“Altered Carbon”: a sci-fi mystery worth watching


Garret Roberts

Netflix original series have been notable for adapting graphic novels and comic books in the past; however, they seem to have a new interest: feature length novels. “Altered Carbon,” previously a mystery novel by Richard K. Morgan, offers a unique sci-fi adventure that keeps viewers hooked until the finale.

“Altered Carbon” is set in the distant future where interplanetary relations with aliens have led humans to store their consciousnesses in technology known as “stacks.” As a result, the human body has become disposable, referred to as “sleeves” that the rich and wealthy treat as nothing more than another commodity. Many of the wealthiest people in this world are over 300 years old, yet they look no older than 30.

Protagonist Takeshi Kovacs, played by Joel Kinnaman. Photo courtesy of Netflix.

The plot follows protagonist Takeshi Kovacs, played by Joel Kinnaman, a criminal and terrorist who has been dead for 250 years. When wealthy businessman Isaac Bancroft (Antonio Marziale) is murdered in his home, he revives Kovacs and hires him to solve the mystery of his death. With a fortune and a chance at a new life, Kovacs must find the mystery killer while trying to avoid enemies from his past.

The mystery elements are what makes this show worth watching. From start to finish, the series has you hooked on finding out who Bancroft’s killer is and what the motivation was. The viewer learns all the facts at the same time as Kovacs, which allows you to make your own theories and assumptions as you binge the series. It’s essential for a good mystery to not have a protagonist who already knows the answer, and through the eyes of a soldier instead of a detective, the show allows you to keep in pace with the storytelling.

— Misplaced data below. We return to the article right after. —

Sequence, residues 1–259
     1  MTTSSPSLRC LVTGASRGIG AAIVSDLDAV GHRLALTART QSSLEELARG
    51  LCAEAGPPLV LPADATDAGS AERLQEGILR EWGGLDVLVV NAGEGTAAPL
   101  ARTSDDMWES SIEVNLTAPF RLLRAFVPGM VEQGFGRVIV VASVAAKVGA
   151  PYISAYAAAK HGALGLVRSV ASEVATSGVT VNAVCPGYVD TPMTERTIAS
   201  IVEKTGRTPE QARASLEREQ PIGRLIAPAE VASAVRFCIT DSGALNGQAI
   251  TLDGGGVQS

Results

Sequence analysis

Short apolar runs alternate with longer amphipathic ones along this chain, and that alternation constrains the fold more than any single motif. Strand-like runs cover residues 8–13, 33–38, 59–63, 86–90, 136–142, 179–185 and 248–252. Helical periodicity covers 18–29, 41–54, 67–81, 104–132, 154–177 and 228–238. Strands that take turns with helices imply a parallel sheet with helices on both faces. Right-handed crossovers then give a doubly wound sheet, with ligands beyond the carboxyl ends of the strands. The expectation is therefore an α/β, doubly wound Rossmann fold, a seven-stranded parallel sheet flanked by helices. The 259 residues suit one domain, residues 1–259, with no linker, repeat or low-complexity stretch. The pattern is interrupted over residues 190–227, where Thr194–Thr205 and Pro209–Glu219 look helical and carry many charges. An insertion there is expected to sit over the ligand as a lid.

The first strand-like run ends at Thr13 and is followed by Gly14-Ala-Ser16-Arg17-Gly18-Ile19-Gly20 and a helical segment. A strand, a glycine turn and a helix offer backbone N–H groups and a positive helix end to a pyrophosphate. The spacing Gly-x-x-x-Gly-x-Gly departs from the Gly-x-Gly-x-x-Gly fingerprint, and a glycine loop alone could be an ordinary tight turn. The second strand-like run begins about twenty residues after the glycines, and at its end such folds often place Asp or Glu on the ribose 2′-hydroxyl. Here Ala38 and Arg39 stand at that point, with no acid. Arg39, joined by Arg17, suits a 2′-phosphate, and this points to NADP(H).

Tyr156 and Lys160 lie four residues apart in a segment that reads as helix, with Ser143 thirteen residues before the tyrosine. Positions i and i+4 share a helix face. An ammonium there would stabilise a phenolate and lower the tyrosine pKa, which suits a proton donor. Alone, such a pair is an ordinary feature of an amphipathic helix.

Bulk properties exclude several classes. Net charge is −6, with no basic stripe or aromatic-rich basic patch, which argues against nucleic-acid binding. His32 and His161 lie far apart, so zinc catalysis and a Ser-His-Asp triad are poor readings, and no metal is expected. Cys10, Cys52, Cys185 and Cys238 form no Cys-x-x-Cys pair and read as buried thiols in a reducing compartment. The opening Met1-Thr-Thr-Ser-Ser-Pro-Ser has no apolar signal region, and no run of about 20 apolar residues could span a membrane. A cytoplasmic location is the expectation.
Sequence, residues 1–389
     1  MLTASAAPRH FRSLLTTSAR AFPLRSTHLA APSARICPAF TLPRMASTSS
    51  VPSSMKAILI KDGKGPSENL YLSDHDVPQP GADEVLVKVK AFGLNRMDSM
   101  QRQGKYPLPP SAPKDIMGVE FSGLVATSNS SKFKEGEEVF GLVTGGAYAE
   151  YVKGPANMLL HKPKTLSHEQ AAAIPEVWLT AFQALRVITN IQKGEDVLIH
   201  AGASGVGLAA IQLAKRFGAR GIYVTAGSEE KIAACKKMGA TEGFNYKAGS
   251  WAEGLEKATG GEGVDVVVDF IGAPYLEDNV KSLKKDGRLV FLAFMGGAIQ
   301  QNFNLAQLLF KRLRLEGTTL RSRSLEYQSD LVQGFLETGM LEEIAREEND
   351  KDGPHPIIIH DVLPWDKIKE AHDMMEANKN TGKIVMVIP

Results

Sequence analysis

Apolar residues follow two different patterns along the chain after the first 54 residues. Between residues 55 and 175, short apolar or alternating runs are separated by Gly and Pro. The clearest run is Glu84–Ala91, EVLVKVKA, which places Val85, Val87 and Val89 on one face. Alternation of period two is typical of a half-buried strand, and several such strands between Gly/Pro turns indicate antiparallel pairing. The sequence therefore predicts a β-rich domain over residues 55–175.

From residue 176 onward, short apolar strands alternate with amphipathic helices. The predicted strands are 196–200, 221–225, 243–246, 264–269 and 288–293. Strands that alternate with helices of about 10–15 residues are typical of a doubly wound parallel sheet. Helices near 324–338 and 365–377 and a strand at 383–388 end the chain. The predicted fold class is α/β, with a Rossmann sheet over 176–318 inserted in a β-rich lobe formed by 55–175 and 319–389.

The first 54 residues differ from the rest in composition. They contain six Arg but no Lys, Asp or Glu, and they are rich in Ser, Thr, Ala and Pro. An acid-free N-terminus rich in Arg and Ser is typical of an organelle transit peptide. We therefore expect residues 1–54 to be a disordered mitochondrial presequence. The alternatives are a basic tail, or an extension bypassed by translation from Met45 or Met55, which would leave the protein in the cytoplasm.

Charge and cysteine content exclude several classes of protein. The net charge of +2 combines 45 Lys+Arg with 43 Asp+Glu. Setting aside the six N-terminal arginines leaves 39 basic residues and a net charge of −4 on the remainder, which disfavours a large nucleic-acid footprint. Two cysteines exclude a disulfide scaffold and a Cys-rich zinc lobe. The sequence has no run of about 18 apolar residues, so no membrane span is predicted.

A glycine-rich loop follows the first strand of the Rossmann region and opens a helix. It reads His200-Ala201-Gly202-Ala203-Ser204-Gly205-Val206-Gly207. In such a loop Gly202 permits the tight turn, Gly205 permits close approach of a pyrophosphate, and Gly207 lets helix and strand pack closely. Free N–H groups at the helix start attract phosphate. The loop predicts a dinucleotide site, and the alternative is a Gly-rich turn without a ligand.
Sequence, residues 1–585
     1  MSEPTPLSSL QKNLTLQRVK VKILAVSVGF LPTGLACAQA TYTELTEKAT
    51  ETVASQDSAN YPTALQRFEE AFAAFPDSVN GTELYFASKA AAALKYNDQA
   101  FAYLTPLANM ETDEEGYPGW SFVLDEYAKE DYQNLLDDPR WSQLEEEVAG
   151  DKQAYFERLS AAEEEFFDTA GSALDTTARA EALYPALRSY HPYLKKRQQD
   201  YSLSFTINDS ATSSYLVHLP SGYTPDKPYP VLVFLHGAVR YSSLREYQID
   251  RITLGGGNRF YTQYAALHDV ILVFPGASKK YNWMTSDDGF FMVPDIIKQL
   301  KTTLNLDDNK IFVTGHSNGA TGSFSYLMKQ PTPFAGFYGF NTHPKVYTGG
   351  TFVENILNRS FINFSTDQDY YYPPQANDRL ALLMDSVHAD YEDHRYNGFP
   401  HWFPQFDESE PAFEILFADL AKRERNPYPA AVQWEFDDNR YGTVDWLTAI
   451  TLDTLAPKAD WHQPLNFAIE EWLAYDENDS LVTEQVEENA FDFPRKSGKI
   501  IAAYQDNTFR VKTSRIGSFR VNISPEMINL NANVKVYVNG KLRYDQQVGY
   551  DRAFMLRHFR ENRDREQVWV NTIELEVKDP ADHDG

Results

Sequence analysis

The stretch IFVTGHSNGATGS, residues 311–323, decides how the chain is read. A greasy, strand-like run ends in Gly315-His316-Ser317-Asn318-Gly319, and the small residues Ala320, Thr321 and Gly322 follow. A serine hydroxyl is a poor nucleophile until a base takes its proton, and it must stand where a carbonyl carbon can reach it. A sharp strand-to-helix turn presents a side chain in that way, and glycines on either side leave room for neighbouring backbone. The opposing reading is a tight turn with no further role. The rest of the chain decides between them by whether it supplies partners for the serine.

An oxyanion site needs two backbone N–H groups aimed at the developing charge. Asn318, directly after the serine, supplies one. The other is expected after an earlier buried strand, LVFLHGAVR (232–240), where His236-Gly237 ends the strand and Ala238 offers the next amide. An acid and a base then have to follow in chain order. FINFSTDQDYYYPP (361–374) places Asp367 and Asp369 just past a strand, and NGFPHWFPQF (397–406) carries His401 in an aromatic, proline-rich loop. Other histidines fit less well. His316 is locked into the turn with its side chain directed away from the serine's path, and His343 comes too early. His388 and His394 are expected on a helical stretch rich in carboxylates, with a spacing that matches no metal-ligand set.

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Image of interplanetary soldiers standing in line. Photo courtesy of Netflix.

While the mystery is the strongest part of “Altered Carbon,” the action helps keep the visuals of the series interesting. Instead of relying on jump cuts to emphasize punches and gunshots, they use sweeping single shots to make the action feel coherent and solid. Not many films or shows dare to film these scenes anymore due to their complexity and cost, but by taking the chance, the series has a unique flair that sets it apart from other crime and mystery shows.

The show’s issues are small but are still present in the final product. The overall messages of the story focus on technology and religion, and while it proposes interesting debates, they don’t get the time they deserve. For example, it would have posed some interesting questions if the main antagonist had been a devout religious figure. Unfortunately, the story allows these themes to sputter off in different directions while the plot continues down its own path.

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One of the beautiful futuristic scenes in Altered Carbon. Photo courtesy of Netflix.

Additionally, the protagonist relies purely on violence in favor of other ways of dealing with his opponents. The intrigue of Sherlock Holmes mysteries are partially in how he deals with enemies, favoring deception and outsmarting others in favor of violence. Kovacs’s solution isn’t as clever.

“Altered Carbon” is an incredible mystery that remains faithful to the book, making changes necessary to keep viewers engaged in a 10-hour binge watch. The series is great for both mystery and sci-fi fans, but it could turn some viewers away with its lackluster protagonist. The series offers great mystery and questions about the future of technology, but it can leave you wanting more information about the world they take place in.